We are often asked “What if I have to move after a divorce – may I take the kids?” Relocation or move away child custody cases are legally quite complex. It is best to seek the advice of the experienced post-divorce child custody attorneys at Burke & Domercq. While each situation is unique, generally speaking the question of relocating with children after a divorce must be resolved through the written (and notarized) agreement of the parties or an order from the Court.
In most North County San Diego divorce cases the Court retains jurisdiction over the case after the final decree is issued. This applies to questions such as child custody and move away cases or relocation. One thing is absolutely certain:
California Courts take a dim view of parents who take the children and move out of the area or out of state without the Court’s permission in advance of the move.
Doing so could very well risk your existing custody orders and in many cases threatens your ability to have any custody or unsupervised parental visitation in the future.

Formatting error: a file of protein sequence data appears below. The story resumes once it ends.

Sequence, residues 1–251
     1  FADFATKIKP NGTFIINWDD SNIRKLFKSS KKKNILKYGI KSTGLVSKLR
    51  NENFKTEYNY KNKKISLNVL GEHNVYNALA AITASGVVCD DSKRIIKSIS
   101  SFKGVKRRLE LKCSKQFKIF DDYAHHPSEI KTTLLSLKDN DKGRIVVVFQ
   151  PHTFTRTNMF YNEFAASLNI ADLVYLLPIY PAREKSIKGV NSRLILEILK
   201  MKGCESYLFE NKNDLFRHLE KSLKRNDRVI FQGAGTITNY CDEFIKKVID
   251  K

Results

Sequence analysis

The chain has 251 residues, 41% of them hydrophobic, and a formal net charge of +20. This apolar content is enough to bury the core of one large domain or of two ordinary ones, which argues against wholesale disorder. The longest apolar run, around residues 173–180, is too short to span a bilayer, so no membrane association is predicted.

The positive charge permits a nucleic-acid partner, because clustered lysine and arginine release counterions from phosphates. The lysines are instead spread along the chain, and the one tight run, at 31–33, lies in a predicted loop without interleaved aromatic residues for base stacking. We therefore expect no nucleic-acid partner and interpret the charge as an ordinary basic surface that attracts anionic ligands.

Why can’t I just take the kids and move after a divorce in North County? If one has sole custody or “primary” custody there may be a “presumptive right” for you to relocate. The paperwork from your North County or Carlsbad divorce should contain the final custody orders. These orders usually require the relocating parent to obtain the written consent of the non-custodial parent. In these cases one may only have to file a request of the Court and it is up to the other parent to prove why the move would be detrimental to the children.
If you share custody or have any form of shared parenting with your former spouse the case may be much more complicated. This is especially if your former spouse disapproves of the move.
The Court will review the current parenting agreement and custody orders and determine if those orders have been maintained post-decree. The party requesting to relocate with the children must usually demonstrate clearly why the relocation is in the best interests of the children and how they will be able to maintain consistent quality visitation with the other parent.
Examples include moving closer to the support of a network of family and friends, a substantially improved quality of living, education and/or health.
If you are hoping to take your children and move after a divorce you should not do so without securing written notarized consent and proper orders from the court. We invite you to review the recommendations of our clients and contact us or call 760-434-3330 to schedule an appointment to discuss your plans, review existing orders and formulate a strategy to help accomplish your goals and objectives.